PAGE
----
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EMMA: The Story (PC) artwork

EMMA: The Story (PC) review

"Lunchbreak Digital Reading"

To directly quote EMMA: The Storyís developers, Hiver Prod, ďEMMA is a 20-minute long animated graphic novel for mobile phones and tablets. Available in French, English, and German. For iOS, Android, PC and Mac.Ē This means this is either going to be a record breakingly brief review, or Iím going to have to pad the hell out of it to meet the phantom word count people seem to think a review needs to be to remain valid.

Thatís not to say thereís anything wrong with half-hour visual novels, digital or no. And itís worth noting early (to really help with that padding) that a lot of work has clearly been pumped into EMMAís production. Itís beautifully scored with a five-track OST written by French composer, Grťgoire Pastre. Itís also wonderfully drawn, presenting hand-painted pictures that threaten photo realism at some points or show off heavy-handed brush strokes in others. That seems a decent excuse to kill a little more white space and splash a screenshot up on screen:

EMMAís biggest issue isnít its presentation or (as much as Iím picking fun at having so little to work with) its brevity; itís really that thereís nothing particularly remarkable about the tale it tells. At its heart, itís a story about being afraid to move forward and about seeking refuge in the known rather than striking out into the unknown. It presents a man about to make huge changes to his life, and his last minute reluctance to leave the safe and comfortable behind. A random encounter gives him opportunity to gain further insight into his choices. Is that vague? Thatís super vague. Iím afraid I have to be just that while skirting around being informative without giving away too much of an already brief tale.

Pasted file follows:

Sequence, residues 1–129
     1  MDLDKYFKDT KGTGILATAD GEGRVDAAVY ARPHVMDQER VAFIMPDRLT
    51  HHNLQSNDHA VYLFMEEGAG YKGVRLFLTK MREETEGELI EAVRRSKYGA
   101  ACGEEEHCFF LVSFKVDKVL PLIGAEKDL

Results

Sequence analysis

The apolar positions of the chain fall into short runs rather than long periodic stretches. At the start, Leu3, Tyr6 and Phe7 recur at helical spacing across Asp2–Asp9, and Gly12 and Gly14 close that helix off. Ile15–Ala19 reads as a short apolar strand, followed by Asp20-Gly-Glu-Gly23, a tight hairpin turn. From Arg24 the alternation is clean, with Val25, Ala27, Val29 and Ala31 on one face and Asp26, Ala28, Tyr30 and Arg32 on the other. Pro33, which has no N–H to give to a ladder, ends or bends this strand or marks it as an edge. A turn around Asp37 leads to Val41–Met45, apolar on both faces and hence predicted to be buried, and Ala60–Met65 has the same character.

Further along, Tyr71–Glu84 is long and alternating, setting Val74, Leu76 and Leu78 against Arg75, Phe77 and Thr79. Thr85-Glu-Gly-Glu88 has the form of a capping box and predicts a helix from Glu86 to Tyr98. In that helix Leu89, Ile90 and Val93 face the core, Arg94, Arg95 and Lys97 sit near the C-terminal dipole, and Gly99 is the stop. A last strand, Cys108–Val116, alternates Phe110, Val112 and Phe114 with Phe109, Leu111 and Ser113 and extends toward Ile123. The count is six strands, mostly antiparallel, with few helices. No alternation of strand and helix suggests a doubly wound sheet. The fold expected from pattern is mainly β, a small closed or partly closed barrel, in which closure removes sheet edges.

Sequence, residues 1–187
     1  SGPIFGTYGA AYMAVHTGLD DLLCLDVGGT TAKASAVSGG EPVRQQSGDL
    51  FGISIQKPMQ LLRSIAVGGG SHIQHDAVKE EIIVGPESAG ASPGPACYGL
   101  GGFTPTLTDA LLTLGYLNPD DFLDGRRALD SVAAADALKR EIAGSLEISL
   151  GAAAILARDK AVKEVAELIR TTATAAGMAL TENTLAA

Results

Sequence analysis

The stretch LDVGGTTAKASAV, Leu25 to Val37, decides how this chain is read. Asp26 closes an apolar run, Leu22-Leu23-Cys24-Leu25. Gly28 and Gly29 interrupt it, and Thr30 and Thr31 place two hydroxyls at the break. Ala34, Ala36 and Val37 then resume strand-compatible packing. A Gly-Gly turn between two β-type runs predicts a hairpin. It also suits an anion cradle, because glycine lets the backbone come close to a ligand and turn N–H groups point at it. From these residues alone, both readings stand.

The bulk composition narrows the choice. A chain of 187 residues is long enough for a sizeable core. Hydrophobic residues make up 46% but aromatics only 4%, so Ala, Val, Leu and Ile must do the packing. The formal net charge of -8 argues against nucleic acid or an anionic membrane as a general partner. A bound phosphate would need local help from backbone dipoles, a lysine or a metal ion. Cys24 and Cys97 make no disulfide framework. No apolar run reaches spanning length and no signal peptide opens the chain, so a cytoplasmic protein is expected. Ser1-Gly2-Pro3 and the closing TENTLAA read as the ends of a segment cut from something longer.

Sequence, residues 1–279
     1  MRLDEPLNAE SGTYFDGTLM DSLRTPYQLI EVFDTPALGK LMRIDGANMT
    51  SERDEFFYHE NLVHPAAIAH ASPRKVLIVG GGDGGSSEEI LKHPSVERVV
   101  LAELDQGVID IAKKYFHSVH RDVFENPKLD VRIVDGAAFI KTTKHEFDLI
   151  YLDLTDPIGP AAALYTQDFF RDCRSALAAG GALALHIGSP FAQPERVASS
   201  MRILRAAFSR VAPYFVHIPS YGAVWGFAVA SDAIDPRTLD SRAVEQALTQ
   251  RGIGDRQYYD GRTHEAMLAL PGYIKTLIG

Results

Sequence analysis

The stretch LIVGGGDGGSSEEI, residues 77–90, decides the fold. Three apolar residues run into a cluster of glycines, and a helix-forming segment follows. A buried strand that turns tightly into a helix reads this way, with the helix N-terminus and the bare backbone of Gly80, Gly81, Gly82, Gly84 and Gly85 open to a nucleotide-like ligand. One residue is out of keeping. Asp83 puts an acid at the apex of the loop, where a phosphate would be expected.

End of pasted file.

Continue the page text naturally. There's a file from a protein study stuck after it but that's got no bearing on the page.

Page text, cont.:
Itís not a bad tale by any means but, by its very design, itís not given a lot of time to invest in the two-man cast or the issues it tries to champion. Itís written with heart and personality (made particularly evident by the string of text messages between work colleagues it shares), and itís completely kinetic, offering the reader neither choices nor multiple endings. And, honestly, thatís fine; it knows what it wants to be and it tells the story it wants to tell.

How many words deep am I? Almost 400? Good. Have another screenshot.

Even as fleeting as it was, itís hard to begrudge the time spent with EMMA. Itís not the best tale youíll ever invest in, with the conclusion feeling a bit forced and deus ex machina-y, but some of that has to do with how little time the tale is given to grow. Itís a rushed affair, which does fit the narrative of a man with a pressing decision to make. But itís certainly one of the better presented visual novels youíll come across.

Itís hard not to recommend EMMA as mild diversion with well above average production values considering itís being offered at the lowest entry price Steam will allow. Even with such a short runtime, it goes against the long-established norm perpetrated by the majority of visual novels and manages to stand out. At least a little. Maybe thatís enough.


EmP's avatar
Staff review by Gary Hartley (May 24, 2018)

Gary Hartley arbitrarily arrives, leaves a review for a game no one has heard of, then retreats to his 17th century castle in rural England to feed whatever lives in the moat and complain about you.

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Masters posted May 27, 2018:

Excellent review, especially given what you had to work with (very little, as you pointed out several times in the review itself, ha). It has me intrigued and I think I'll check it out on the Steam store -- thanks!

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